The Russian nuclear industry has once again managed to avoid inclusion in the latest round of EU sanctions – the eighth in a row to skirt this vital issue in an apparent acknowledgment that Europe’s dependence on Russian nuclear fuel cannot easily be reversed.
Since the start of the war in February, the media has been so focused on Russian fossil fuels, particularly natural gas, that it has avoided any discussion of Europe’s nuclear dependence on Russia completely. However, the topic can no longer be safely ignored.
The Kremlin has already earned several hundred billion dollars so far this year by selling fossil fuels to Europe, a financial cushion that has allowed Moscow to fund its horrific war in Ukraine. While Europe is less reliant on Russia supplying its atomic energy sector than it is its fossil fuel sector, the depedence of the European atomic energy industry on Russian nuclear fuel is as surprising as it is alarming.
Much work has gone into weaning Europe off Russian fossil fuels, with time being of the essence as Brussels seeks to curtail Moscow’s lucrative revenue streams as quickly and as comprehensively as possible. However, its nuclear industry has not yet been the focus of any such efforts.
Russian sales of nuclear fuel to the EU earn the Kremlin far less than its fossil fuel exports do, and some Western politicians have used that to justify a lack of resolve in the EU to sanction Moscow’s nuclear industry. But the amount the industry makes for ther Kremlin coffers is beside the point now, as Europe’s dependence on the Russian nuclear industry has become more of a security concern than a financial one.
There are 18 Russian nuclear reactors in operation in the EU: in the Czech Republic, Slovakia, Hungary, Bulgaria, and Finland. Russia supplies the nuclear fuel they require and there is no alternative supplier. In addition to that, Russia’s atomic energy agency Rosatom supplies uranium to French company Framatome, which operates a nuclear fuel facility in the German town of Lingen. Despite protests against the continued delivery of Russian uranium last month, the facility’s owner said it would continue to work with Russia – and the German government admitted it was powerless to prevent it from doing so.
Framatome provides nuclear fuel to nearly all Western European countries with a nuclear power sector. In total, Russia supplies 20% of the uranium consumed in Europe. Almost the same amount comes from Kazakhstan, where uranium production remains effectively under Moscow’s control.
France has not made a single move to limit its cooperation with Rosatom, which goes far deeper than just fuel production. The French-made Arabelle turbines, as well as instrumentation and control systems produced jointly by Siemens and Framatome that are essential for new nuclear reactors, are still available to Russian customers. Hungary plans to build two new Russian nuclear reactors, and will use these components if its plans go ahead. In this case, it is Russia who is dependent on Europe, not vice versa – but still no sanctions apply.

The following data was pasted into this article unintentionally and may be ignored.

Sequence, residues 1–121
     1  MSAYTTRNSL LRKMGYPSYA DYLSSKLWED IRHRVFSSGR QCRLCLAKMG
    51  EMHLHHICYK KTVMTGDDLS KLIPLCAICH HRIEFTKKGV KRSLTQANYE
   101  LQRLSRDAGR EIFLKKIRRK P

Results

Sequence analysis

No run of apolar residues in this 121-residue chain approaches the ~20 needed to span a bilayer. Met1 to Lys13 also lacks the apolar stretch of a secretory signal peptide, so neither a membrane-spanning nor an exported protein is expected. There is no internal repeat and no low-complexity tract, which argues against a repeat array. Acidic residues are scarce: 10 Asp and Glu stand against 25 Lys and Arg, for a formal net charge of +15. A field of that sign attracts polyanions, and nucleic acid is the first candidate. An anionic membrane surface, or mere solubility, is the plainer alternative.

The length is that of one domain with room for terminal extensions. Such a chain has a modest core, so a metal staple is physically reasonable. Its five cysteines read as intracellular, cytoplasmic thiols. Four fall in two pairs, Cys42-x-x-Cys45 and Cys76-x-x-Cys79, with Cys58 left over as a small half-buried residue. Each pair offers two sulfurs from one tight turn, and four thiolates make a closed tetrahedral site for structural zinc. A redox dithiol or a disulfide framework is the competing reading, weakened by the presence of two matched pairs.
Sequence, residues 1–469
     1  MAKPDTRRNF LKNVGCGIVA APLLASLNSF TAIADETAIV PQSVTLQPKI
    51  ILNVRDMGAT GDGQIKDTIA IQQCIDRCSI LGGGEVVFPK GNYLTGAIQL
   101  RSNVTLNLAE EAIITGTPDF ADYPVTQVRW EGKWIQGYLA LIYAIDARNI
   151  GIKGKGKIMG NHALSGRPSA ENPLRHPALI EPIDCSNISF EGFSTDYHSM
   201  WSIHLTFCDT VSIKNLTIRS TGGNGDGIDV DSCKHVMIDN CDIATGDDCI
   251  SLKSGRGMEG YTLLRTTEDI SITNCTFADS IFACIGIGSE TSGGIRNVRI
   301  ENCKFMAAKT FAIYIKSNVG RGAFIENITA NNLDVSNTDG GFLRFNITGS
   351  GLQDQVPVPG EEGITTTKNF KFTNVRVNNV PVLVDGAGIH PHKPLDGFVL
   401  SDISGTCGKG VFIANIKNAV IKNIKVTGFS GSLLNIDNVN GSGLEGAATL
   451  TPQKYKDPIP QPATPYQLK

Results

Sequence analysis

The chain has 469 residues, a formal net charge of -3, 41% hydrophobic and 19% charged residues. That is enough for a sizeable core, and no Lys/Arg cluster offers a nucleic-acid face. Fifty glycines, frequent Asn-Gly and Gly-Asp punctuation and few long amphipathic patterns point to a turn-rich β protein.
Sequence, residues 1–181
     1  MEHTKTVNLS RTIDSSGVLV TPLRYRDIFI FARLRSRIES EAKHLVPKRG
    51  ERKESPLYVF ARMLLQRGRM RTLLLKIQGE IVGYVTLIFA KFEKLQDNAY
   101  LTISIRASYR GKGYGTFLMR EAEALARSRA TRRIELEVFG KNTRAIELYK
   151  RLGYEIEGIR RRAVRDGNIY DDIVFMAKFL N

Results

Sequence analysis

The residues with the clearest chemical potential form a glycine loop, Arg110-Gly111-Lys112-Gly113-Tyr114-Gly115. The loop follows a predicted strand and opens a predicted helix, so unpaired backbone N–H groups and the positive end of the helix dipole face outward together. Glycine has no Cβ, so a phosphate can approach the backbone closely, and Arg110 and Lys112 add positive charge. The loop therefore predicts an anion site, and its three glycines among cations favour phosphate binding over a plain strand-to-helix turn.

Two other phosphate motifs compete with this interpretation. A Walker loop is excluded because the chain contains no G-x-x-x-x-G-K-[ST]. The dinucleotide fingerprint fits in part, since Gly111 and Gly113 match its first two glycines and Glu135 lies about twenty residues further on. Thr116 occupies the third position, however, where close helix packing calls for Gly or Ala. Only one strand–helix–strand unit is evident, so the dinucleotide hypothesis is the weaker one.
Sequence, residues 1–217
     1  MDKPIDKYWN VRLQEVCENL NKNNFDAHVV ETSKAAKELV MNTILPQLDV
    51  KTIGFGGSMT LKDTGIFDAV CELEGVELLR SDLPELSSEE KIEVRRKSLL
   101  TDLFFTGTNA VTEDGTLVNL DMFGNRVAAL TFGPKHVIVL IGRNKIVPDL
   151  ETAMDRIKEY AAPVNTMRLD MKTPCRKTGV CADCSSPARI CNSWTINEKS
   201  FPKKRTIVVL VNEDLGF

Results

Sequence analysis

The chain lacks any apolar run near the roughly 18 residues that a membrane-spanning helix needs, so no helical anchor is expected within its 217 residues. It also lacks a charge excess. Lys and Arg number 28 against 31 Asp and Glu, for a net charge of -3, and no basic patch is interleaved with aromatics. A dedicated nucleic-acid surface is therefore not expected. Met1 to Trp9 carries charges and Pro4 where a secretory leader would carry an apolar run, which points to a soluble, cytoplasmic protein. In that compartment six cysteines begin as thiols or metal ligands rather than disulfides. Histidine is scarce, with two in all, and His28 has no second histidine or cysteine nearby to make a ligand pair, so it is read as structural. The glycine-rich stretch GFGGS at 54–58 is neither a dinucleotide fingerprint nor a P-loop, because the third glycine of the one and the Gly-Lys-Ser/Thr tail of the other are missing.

Russia’s attitude towards nuclear power has been clearly demonstrated by the occupation of Ukraine’s Zaporizhzhia nuclear power plant where Russian forces have taken local staff hostage. The plant itself has become an instrument of war, putting Europe on the brink of a new nuclear disaster potentially more dangerous than Chernobyl.
If the bloody and barbaric Russian war in Ukraine teaches us anything, it is that Russian President Vladimir Putin is out of control and negotiating with him is inherently futile. Anyone in any way dependent on Russia can be sure that Putin will find a way to use that dependence to his advantage.
By maintaining their nuclear dependence on Russia, European countries are making a very big mistake. They seem to believe they can find a way to deal with Putin to secure further nuclear supplies.
But Putin is not Santa Claus and Rosatom was not created to serve Europe. It is the geopolitical arm of the Kremlin – that’s why all its foreign contracts for new reactors, including the deal in Hungary, are paid for from the coffers of the Russian state. Europe’s dependence on the Russian nuclear industry was actually engineered to weaken Europe and bring it under Russian influence.
Weaning Europe off its dependence on Russia’s nuclear industry will be a struggle and won’t happen on its own. But choosing to ignore an obvious security threat in a sector as sensitive as nuclear power would be foolhardy in the extreme. European governments must take action.
The views expressed in opinion pieces do not necessarily reflect the position of The Moscow Times.